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- Active Libraries: Rethinking the roles of compilers and libraries, SIAM Workshop on Object Oriented Methods for Inter-operable Scientific and Engineering Computing, October 21-23, 1998 [PS] [HTML] [bibtex]
- C++ Templates as Partial Evaluation, 1999 ACM SIGPLAN Workshop on Partial Evaluation and Semantics-Based Program Manipulation (PEPM'99). [PS] [HTML]
- Arrays in Blitz++, Proceedings of the 2nd International Scientific Computing in Object Oriented Parallel Environments (ISCOPE'98). Overviews the Blitz++ implementation of dense arrays. [PS] [DVI] [bibtex] © 1998 Springer
- Will C++ be faster than Fortran? Proceedings of the 1st International Scientific Computing in Object Oriented Parallel Environments (ISCOPE'97). Gives a quick overview of using template techniques to improve C++'s performance. [HTML] [PS] [bibtex] (ISCOPE'97) © 1997 Springer.
- Scientific Computing: C++ vs. Fortran, Dr. Dobb's Journal (November 1997). Focuses on optimizations for small linear algebra objects. [HTML] [bibtex]
- Linear algebra with C++ template metaprograms, Dr. Dobb's Journal (August 1996). Focuses on optimizations for small linear algebra objects. [HTML] [bibtex]
- One of the major problems with linear algebra in C++ is the pairwise evaluation of overloaded operators, which results in grossly inefficient evaluation of matrix and vector expressions. This problem (and others) is solved by the expression templates technique. By transforming arithmetic expressions into C++ types, expression templates make it possible to create templates parameterized on expressions, and pass expressions as function arguments. An article from C++ Report (June 1995) entitled "Expression Templates" [HTML] [bibtex] explains the method behind the magic.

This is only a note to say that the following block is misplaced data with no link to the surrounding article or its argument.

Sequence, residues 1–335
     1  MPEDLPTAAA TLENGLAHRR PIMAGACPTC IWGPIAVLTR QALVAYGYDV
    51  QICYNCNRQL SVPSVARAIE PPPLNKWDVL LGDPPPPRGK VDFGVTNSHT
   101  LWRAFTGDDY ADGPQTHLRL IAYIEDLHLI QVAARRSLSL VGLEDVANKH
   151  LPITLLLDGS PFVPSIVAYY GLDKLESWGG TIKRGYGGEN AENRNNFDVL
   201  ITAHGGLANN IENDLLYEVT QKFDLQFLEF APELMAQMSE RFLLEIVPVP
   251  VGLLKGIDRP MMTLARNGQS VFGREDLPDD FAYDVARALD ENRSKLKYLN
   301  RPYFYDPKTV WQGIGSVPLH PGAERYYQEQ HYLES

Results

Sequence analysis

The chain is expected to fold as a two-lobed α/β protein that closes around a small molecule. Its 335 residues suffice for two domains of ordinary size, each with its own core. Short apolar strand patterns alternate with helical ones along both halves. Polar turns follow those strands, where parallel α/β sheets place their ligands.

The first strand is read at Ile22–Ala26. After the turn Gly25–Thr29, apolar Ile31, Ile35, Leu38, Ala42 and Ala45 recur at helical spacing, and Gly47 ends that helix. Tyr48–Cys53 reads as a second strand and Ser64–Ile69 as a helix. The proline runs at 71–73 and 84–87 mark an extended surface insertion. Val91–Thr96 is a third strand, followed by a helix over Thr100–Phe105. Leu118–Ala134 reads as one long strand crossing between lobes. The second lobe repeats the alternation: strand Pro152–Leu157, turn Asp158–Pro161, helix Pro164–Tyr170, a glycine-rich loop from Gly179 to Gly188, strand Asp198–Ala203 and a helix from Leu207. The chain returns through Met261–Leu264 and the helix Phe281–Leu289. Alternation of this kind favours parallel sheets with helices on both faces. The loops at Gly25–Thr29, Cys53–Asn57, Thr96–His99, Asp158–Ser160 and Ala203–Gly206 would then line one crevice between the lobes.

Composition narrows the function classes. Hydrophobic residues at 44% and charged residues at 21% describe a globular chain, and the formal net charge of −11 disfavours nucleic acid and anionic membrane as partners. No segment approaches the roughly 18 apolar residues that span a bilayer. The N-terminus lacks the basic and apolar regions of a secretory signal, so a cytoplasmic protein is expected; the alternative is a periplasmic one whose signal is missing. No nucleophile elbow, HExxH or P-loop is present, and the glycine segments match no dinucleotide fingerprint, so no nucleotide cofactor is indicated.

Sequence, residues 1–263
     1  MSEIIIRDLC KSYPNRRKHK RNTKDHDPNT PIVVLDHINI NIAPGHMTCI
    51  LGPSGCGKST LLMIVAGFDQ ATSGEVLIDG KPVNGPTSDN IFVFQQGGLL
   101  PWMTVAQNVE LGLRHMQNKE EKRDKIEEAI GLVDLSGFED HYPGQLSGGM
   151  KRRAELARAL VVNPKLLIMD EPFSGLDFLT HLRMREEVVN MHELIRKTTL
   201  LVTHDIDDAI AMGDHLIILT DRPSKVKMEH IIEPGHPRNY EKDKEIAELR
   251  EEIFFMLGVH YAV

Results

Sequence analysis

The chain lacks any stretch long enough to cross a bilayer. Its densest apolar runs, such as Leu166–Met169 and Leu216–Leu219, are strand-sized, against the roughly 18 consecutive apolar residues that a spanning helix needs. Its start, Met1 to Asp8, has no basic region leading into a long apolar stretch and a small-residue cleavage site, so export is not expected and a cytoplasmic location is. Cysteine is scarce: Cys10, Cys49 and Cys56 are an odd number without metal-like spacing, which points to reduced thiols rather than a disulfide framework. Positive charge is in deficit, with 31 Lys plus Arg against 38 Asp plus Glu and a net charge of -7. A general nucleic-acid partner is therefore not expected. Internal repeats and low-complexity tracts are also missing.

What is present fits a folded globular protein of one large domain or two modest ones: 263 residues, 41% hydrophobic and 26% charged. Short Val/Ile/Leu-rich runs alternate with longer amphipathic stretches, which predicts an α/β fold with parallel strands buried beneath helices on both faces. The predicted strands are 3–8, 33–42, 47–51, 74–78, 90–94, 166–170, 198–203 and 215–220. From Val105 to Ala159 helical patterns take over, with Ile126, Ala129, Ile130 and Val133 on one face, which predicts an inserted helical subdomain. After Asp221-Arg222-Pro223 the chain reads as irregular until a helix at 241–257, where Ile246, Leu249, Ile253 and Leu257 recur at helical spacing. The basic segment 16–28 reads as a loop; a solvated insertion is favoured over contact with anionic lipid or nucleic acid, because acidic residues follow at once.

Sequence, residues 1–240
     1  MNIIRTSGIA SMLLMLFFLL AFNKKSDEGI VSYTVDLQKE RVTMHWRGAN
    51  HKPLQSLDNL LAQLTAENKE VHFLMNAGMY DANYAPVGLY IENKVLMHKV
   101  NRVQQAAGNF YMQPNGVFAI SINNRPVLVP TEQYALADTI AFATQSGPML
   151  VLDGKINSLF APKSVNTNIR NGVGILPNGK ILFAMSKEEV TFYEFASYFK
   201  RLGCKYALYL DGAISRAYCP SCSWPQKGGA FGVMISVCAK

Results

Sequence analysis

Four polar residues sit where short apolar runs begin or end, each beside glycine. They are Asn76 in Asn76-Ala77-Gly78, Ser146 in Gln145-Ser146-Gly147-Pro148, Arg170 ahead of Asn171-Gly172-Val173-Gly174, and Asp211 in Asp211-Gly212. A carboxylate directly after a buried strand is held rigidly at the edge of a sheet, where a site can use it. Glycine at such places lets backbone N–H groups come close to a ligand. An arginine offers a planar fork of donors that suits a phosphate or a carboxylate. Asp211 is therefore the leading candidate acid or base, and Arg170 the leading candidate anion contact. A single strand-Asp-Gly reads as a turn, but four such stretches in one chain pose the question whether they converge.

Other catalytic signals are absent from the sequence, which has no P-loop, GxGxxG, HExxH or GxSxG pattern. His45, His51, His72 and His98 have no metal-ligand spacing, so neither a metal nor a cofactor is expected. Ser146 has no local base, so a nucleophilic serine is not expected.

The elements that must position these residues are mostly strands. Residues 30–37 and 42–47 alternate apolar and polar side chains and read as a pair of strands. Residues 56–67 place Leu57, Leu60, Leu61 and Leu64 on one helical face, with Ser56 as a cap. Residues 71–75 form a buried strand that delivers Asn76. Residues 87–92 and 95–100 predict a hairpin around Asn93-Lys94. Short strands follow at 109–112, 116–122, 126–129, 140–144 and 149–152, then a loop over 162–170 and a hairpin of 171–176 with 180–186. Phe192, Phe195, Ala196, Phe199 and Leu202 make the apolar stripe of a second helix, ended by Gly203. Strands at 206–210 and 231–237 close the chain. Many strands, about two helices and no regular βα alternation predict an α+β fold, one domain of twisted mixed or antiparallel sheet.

- Compilers are limited in the types of optimizations which they can perform. An alternative to relying on the compiler to optimize numerical libraries is to create libraries which are not collections of code, but rather collections of "recipes" (metaprograms) for generating efficient code. This concept can be implemented in C++ by making use of template metaprograms. Another article from C++ Report (May 1995) entitled "Using C++ template metaprograms" [HTML] [bibtex] explains how this works.
- Nathan Myers' Traits technique provides a way of mapping types onto other types, numbers onto types, types onto code, and so on. Trait classes provide a lot of the glue for the experimental Blitz++ Numerical Library. Nathan's article in the June 1995 issue of C++ Report provides a general introduction [HTML,11k]